Full-year 2017 operating earnings growth was estimated earlier this year at over 22%. Reality has dwindled it to below 18%, still impressive. But analysts’ expectations for full-year 2018 earnings growth have never been much above 16%. I expect estimates to decline over time.
The conclusion of the matter is this. Prospects for the market’s uptrend rest almost entirely upon sales which are unlikely to produce 16% growth. The rest depends on investor optimism.
Wishing you Happy Holidays,
Sargon Zia, CFA
December 22, 2017
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Published regularly, the Coherent Investor series focuses on the current conditions of the securities markets as interpreted by the author and Chief Investment Officer, unifying multiple investment disciplines including fundamental and technical analysis.
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- Federal Reserve Chair Janet L. Yellen, press conference on December 13, 2017. Transcript available at federalreserve.gov/mediacenter/files/FOMCpresconf20171213.pdf.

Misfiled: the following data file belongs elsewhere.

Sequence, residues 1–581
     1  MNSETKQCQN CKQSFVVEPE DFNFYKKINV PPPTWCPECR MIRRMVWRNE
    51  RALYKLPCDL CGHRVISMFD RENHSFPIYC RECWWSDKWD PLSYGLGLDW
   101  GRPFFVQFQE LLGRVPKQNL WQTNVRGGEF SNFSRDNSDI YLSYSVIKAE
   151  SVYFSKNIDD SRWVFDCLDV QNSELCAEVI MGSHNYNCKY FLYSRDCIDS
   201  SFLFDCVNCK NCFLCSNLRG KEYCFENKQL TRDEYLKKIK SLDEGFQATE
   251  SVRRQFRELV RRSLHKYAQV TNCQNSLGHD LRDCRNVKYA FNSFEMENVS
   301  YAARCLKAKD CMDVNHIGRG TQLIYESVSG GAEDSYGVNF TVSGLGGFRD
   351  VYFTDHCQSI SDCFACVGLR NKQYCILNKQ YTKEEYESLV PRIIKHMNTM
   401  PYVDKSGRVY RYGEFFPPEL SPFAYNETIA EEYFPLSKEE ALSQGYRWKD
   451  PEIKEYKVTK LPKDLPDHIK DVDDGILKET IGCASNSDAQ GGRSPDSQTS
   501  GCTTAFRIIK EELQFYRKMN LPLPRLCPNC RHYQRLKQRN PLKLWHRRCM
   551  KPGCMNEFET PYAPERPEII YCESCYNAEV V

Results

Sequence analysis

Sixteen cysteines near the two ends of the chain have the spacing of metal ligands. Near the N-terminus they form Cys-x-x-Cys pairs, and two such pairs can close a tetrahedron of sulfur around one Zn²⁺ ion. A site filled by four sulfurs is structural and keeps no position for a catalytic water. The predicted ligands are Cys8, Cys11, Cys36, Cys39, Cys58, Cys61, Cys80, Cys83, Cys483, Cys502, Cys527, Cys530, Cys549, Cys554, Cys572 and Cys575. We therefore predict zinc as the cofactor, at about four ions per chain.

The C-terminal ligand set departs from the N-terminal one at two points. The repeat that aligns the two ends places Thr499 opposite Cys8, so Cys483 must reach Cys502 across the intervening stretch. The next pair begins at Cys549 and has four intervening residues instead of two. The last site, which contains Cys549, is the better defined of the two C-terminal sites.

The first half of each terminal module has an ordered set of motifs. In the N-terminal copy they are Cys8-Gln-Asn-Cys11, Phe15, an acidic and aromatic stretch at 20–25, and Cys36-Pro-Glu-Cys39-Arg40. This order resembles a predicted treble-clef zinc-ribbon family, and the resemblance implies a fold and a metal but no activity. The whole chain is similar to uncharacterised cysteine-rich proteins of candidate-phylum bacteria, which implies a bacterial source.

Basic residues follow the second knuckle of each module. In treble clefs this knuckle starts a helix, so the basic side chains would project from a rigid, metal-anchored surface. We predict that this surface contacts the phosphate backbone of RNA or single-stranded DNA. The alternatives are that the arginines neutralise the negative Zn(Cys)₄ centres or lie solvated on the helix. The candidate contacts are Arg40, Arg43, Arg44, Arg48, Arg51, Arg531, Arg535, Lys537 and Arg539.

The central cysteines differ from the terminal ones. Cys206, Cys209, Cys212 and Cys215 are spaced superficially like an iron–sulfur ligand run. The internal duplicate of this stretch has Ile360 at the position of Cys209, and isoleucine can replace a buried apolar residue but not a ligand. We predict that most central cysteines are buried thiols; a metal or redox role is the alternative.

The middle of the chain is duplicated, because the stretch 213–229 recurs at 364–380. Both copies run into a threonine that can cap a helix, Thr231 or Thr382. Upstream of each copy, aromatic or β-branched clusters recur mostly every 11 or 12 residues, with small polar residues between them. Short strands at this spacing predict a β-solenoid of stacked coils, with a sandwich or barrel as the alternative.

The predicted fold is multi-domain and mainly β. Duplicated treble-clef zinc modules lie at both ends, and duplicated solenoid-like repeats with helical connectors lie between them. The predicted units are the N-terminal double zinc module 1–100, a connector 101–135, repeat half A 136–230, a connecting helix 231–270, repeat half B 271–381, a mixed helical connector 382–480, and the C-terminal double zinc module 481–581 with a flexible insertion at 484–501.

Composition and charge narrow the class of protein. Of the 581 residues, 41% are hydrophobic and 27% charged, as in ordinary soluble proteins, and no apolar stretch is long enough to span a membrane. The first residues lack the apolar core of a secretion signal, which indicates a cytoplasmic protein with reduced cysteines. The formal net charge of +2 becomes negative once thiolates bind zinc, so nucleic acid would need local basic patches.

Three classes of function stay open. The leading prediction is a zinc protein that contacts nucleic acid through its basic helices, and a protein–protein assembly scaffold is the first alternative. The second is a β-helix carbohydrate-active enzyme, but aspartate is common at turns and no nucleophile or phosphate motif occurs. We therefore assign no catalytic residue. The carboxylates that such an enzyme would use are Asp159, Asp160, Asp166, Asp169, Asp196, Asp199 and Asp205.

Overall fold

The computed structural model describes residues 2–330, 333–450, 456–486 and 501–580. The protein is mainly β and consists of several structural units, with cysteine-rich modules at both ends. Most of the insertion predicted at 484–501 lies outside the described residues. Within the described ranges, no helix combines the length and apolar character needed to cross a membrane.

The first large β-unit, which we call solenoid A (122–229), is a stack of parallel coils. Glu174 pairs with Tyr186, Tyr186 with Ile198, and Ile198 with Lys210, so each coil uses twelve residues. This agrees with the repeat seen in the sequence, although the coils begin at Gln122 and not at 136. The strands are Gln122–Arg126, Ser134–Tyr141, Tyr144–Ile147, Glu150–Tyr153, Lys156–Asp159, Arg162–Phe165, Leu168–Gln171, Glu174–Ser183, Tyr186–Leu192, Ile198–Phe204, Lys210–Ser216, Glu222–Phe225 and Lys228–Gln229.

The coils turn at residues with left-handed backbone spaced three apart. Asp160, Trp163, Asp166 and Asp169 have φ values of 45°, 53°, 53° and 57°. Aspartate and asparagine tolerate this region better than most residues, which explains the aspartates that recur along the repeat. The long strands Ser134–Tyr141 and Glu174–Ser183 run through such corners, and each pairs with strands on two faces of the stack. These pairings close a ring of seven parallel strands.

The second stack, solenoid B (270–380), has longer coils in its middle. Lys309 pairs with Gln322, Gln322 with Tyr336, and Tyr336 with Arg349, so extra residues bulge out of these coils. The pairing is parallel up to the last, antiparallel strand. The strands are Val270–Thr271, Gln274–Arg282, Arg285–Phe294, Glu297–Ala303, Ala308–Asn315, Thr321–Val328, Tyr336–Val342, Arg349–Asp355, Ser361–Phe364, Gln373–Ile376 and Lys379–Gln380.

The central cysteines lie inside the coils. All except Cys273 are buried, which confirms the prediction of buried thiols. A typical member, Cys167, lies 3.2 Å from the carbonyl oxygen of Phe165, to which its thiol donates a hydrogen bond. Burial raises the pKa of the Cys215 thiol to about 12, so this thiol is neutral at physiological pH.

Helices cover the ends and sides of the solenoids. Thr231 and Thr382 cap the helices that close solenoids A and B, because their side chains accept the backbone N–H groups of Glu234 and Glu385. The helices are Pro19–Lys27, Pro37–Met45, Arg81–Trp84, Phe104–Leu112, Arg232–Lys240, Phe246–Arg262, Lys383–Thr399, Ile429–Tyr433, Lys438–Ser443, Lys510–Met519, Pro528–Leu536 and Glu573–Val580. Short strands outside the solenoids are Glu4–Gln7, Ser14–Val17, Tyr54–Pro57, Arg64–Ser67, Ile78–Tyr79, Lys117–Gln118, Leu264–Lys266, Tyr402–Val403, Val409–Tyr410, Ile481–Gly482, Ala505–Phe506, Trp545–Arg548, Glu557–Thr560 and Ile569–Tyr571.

- GDP is an economic measure of the market value of total domestic output within a country. GNP includes what residents earns from investments outside the country. About 30% of S&P 500 revenues are from international sales. While “real” GDP adjusts out inflation, “nominal” GDP uses current market prices reflected in SP500 corporate revenue.
- More accurately, earnings growth is the product of the two growth factors, sales and margins. For instance, 1.08 sales times 1.03 margin yields 11.2% earnings growth. Or, (1.08) x (1.03) – 1 = 0.112.
- The impact of sales and margins on earnings is explained in the Earnings Insight February 2017 and Earnings Insight August 2017 articles.
- Rate of growth is represented as a percentage of change measured from the current level relative to that in the same period the year before.